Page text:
If the construction industry is honest, it will acknowledge that the company failures and the financial stresses that some are experiencing are part of an environment to which they have also contributed
The best of times, the worst of times – By Malcolm Fleming
The construction sector is a curiosity to many outsiders. The public struggles to reconcile why there are numerous companies across the construction supply chain that are experiencing financial stress, and in some instances failing, in an environment in which the current and forecasted construction activity is perceived to be extremely buoyant.
Despite there being lots of building work, some companies charged with designing, documenting and constructing our buildings are failing to be profitable.
To borrow the classic Charles Dickens line: it is the best of times for the wider industry in terms of work opportunities, while many sector participants
are experiencing the worst of times. That some of the ‘hurt’ has played out very publicly has led to a deepening of the curiosity factor.
In addition to the financial stress that some companies within the construction supply chain are experiencing, we are seeing productivity issues emerge, reflecting an industry operating at capacity. We are therefore witnessing parallel themes: evidence that our companies lack financial resilience; and that our sector is struggling to get through the work we are engaged to produce. From a client perspective, these attributes create risk and uncertainty, both of which are expensive.
The twin issues of poor productivity and low profitability feed one another – i.e. companies that have poor productivity will naturally struggle to be profitable, while those who are not profitable will find it difficult to invest in innovative new processes and technologies that will raise productivity. And so the cycle continues.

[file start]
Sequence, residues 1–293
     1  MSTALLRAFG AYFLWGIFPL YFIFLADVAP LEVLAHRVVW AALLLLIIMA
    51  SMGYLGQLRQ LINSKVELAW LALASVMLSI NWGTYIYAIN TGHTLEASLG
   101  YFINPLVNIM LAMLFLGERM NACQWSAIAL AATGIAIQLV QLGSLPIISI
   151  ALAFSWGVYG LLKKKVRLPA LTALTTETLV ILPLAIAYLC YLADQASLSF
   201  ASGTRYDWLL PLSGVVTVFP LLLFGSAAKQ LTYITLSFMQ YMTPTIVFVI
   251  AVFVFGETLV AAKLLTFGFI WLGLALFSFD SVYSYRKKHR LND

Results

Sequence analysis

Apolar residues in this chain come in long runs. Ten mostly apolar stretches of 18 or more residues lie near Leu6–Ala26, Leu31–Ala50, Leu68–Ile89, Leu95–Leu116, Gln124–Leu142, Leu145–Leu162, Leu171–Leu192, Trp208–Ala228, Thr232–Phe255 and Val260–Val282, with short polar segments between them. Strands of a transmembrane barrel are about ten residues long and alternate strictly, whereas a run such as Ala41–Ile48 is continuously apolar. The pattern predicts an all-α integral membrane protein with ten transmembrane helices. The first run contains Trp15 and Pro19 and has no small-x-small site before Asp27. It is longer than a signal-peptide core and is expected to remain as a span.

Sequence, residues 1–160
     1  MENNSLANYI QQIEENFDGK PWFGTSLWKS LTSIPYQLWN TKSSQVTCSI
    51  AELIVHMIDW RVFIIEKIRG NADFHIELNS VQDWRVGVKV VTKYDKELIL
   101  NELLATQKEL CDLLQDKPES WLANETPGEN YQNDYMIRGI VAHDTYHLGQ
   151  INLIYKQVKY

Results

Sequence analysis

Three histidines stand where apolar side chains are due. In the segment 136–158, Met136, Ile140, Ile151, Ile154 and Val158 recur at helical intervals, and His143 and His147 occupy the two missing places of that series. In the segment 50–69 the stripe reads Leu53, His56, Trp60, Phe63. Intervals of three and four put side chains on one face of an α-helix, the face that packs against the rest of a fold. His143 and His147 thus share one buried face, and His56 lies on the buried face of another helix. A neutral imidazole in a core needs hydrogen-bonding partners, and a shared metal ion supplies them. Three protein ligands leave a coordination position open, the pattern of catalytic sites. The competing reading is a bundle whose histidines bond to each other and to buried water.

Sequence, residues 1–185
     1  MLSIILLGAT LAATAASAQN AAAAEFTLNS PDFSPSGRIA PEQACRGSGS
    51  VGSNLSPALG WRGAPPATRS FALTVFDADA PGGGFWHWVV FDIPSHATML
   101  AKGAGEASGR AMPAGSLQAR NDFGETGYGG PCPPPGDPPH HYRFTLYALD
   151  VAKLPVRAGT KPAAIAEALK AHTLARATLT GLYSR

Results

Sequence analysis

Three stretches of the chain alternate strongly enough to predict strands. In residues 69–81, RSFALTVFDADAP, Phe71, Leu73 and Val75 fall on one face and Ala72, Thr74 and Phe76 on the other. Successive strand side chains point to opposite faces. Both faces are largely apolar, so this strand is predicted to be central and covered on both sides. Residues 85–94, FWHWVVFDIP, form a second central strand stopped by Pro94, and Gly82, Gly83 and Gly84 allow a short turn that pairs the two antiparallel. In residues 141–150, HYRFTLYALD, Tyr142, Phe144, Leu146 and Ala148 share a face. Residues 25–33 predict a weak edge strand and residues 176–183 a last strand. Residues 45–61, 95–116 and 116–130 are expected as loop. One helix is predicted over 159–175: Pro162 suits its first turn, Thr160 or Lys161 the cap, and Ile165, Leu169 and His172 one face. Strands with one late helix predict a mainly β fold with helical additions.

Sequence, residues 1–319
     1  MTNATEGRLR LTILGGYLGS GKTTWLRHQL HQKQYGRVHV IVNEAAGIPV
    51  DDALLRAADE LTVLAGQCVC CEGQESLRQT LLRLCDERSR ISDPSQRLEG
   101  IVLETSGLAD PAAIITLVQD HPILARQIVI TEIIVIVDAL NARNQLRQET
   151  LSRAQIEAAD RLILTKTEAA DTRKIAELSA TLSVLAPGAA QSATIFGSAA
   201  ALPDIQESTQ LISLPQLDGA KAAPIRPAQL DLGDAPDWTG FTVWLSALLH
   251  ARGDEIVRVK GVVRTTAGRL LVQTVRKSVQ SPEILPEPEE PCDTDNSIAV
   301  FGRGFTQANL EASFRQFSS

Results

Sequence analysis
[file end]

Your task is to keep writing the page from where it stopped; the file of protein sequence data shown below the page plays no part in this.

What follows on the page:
How did we get here?
There is a myriad of factors at play, one being the comparatively recent rise of onerous contracts being utilised by clients at the recommendation of a new generation of advisors, some of whom are bringing international conventions with them.
At the more extreme end of the risk spectrum, some contracts require builders to price for work for which the design has not been finalised. The New Zealand construction sector has been found wanting in its ability to identify risk and/or to price for it when presented with these styles of contracts, many of which accompany construction documentation that could not be described as fully resolved.
A more longstanding issue is the prevailing view that all consultants and contractors are a standard commodity that should be procured at the cheapest price – i.e. clients are not recognising any discernible difference between offerings.
Procurement has, therefore, become a matter of some clients shifting as much risk onto the construction supply chain as they can while seeking the lowest design and construction cost to see the asset realised. This view has led to businesses failing.